Listening to Miles, the Editor of Rolling Stone, really makes it seem as if the South African media industry is something to be proud of. Not only does Miles expect a lot from the artists that he features, he also expects a high quality of work to come from his writers. He mentions what an honour it is to be able to work with great writers such as Rian Malan and Evan Milton. Writers that have a “360 degree commitment” in that they are able to express themselves in a personal and honest way. The stories in Rolling Stone are about getting to know the artist and hearing what they have to say. Being able to answer “pop cultural questions that the man on the street asks” and thus being a magazine that is easy to relate to by a broad audience. It is not difficult to see that Miles is very much a believer in passionate writing and writing with story to share. As clichéd as it may sound, Miles affirms multiple times how important it is to “write from the heart”. He mentions how it is very easy to know whether you believe what a writer is saying or not, and Rolling Stone is a magazine in which he genuinely works hard to create a layout of sincerely written and engaging stories.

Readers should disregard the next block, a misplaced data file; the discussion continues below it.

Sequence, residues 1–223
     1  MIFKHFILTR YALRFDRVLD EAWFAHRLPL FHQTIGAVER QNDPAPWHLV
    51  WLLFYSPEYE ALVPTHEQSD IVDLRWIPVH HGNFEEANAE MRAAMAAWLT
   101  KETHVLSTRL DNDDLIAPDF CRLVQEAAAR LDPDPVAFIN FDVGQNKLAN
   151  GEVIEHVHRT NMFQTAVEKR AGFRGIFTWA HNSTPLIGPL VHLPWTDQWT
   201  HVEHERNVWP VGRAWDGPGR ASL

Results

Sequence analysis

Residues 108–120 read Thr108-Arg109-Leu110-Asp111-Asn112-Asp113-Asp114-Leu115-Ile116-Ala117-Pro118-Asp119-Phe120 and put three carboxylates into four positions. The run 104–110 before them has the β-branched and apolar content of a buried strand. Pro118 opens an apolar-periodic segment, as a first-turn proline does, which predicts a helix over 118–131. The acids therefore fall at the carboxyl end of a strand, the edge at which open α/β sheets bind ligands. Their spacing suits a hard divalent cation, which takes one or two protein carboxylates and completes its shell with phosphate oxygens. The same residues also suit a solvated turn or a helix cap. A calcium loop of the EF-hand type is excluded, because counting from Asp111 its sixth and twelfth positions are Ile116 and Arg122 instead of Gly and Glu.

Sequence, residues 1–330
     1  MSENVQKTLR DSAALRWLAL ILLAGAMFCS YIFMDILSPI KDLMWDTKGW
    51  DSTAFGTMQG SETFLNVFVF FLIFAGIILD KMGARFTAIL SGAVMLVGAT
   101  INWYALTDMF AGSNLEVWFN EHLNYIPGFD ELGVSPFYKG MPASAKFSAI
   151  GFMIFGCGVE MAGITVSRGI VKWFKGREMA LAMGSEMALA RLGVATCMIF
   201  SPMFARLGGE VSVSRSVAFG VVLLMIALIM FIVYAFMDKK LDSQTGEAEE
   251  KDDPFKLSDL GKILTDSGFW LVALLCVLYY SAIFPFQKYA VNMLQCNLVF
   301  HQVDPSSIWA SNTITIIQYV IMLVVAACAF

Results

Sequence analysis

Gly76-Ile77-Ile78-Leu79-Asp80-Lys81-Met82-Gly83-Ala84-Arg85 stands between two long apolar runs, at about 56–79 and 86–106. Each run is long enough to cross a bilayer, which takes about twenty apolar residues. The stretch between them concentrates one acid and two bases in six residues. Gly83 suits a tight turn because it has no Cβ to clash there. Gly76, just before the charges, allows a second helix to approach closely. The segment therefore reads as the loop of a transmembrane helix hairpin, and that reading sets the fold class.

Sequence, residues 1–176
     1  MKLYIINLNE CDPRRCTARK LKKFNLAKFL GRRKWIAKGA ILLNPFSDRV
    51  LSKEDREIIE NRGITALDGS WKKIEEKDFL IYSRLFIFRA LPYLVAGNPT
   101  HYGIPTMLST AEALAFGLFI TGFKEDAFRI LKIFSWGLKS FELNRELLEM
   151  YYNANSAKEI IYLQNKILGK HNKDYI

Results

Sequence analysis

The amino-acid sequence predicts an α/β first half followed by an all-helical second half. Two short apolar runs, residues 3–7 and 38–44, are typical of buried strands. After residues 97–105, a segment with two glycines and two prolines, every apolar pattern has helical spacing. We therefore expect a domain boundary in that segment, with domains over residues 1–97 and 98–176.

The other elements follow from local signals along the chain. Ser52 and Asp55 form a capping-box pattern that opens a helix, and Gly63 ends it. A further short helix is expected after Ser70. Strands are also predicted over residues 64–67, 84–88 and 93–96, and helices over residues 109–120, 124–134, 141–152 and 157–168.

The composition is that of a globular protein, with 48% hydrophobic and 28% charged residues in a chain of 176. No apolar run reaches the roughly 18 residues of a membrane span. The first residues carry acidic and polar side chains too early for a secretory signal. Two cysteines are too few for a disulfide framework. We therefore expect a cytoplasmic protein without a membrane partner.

The future of Rolling Stone seems very bright and full of possibilities for even greater success. In such a technological society, the fear that traditional print media is being replaced by online content is a significant issue. However Miles is adamant that this is not where Rolling Stone South Africa is headed. It is a magazine that tries to “keep it as real as we can” and this would not entail having readers scanning over online articles in a superficial manner. The most important part about the magazine is for readers to feel a part of it, which cannot happen online because articles are “designed for print”. It is a comfort to know that there is still hope for actual print media, as it is hard to compare reading something online to holding a tangible book and actually engaging thoughtfully in the process.

Miles Keylock was a surprising speaker. It was somewhat unexpected to hear such honest and energetic responses. In turn, it felt as if one was really able to get to know Miles on an everyday level and as a result really believing the things he has said. His passion for writing, music and the magazine is moving. Having such a passion for the ‘write things’ might just be what this country needs to become even further immersed within and supportive of its diverse bowl of talents to show and stories to tell.